Accommodation

All undergraduates have a guaranteed room in college for their first year, whilst some colleges can even offer accommodation for the full three years. Living in college provides a welcoming sense of community, and facilities like the library, dining hall and common room are all close. ‘Living out’ may mean being in a property owned by college, or you may have to rent a flat of your own. Being in your own accommodation often creates a much greater sense of independence, and you will be able to live with your friends. Students often live in areas such as Cowley and Jericho, and the University Accomodation Office is a useful way to find properties.

Numerous colleges are able to accommodate graduates too for all or some of their course, either on site or in a graduate annexe. There are also colleges who are able to cater for students with partners or families. If you do live out, the Graduate Accommodation Office lets and manages properties owned by the University.All undergraduates have a guaranteed room in college for their first year, whilst some colleges can even offer accommodation for the full three years. Living in college provides a welcoming sense of community, and facilities like the library, dining hall and common room are all close. ‘Living out’ may mean being in a property owned by college, or you may have to rent a flat of your own. Being in your own accommodation often creates a much greater sense of independence, and you will be able to live with your friends. Students often live in areas such as Cowley and Jericho, and the University Accomodation Office is a useful way to find properties.

Numerous colleges are able to accommodate graduates too for all or some of their course, either on site or in a graduate annexe. There are also colleges who are able to cater for students with partners or families. If you do live out, the Graduate Accommodation Office lets and manages properties owned by the University.

Food and night life

Freud Bar, on Walton Street
Freud bar

Wikimedia Commons

Food and drink options are diverse in Oxford, from high-street favourites like Pizza Express, through to independently owned Thai, Indian, Spanish and French restaurants. A popular choice with law students remains The Alternative Tuck Shop, whose legendary sandwiches are a five minute walk from the law faculty. The Cowley area of Oxford is particularly good for eating out, and is home to the well-loved Atomic Burger. Expect diner-style food in settings inspired by vintage American comic books.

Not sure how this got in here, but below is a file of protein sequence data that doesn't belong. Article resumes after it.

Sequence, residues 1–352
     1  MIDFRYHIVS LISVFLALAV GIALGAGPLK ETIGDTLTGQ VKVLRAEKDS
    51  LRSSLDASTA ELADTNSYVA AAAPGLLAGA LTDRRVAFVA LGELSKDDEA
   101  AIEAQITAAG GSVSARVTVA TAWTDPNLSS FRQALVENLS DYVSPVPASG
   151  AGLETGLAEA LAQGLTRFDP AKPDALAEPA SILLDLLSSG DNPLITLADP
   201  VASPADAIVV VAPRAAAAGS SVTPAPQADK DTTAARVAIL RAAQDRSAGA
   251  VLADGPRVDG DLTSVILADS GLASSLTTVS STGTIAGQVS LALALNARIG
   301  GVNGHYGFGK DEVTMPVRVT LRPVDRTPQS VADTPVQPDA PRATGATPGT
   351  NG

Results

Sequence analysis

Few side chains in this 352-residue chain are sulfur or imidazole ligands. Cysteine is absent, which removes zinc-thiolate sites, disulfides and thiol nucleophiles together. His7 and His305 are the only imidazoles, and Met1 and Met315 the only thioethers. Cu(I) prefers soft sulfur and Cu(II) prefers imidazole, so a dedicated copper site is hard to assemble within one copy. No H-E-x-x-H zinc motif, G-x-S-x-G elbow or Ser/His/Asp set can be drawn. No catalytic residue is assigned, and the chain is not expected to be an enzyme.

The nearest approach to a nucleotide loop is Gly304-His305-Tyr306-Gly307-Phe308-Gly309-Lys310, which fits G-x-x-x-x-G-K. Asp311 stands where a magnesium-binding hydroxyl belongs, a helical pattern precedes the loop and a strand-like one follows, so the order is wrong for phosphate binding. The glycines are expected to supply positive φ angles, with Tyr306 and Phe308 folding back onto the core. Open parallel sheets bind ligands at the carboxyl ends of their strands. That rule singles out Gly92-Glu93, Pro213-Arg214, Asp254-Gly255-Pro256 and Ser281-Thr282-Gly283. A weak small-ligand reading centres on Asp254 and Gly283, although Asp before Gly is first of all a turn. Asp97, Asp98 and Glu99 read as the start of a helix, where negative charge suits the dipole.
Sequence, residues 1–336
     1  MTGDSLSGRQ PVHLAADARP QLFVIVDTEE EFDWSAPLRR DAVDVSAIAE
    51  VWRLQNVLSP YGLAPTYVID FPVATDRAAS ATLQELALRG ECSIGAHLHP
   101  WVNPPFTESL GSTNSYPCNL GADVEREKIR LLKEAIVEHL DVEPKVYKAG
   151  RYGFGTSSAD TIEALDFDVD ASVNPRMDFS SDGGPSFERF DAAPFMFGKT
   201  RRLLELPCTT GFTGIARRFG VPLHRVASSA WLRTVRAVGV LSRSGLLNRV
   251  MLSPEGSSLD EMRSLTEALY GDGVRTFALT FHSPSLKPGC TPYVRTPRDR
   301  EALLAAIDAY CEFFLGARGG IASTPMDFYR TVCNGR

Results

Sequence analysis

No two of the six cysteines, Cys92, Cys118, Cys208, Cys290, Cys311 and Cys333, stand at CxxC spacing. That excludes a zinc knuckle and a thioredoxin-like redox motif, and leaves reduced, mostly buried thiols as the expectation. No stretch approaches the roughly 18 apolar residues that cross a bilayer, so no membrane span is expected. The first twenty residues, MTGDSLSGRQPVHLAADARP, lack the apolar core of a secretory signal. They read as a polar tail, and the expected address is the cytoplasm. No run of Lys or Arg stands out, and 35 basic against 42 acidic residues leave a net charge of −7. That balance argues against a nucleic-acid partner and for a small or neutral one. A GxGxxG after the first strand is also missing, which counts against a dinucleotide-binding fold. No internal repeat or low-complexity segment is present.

Student clubs are mostly concentrated around the city centre, and cater to a variety of tastes. Park End is famous for its ‘cheese floor’ (cheesy tunes only) whilst Cellar offers a more eclectic range of music and various themed nights.  If you prefer something different to clubbing, there are several excellent cocktail bars. Freud is housed in a converted church, whilst The Duke of Cambridge serves drinks at happy hour prices to Oxford Union members.

Clubs and Societies

There are more than 400 student groups to choose from, meaning there’s something for everyone. Oxford hosts a vibrant drama scene and as well as acting and directing you can get involved in publicity or the technical side of production. The two student newspapers Cherwell and The Oxford Student welcome submissions on everything from current affairs to travel, and you can also apply to join the editorial team.  Many students volunteer during their time here, with opportunities coordinated through the Oxford Hub.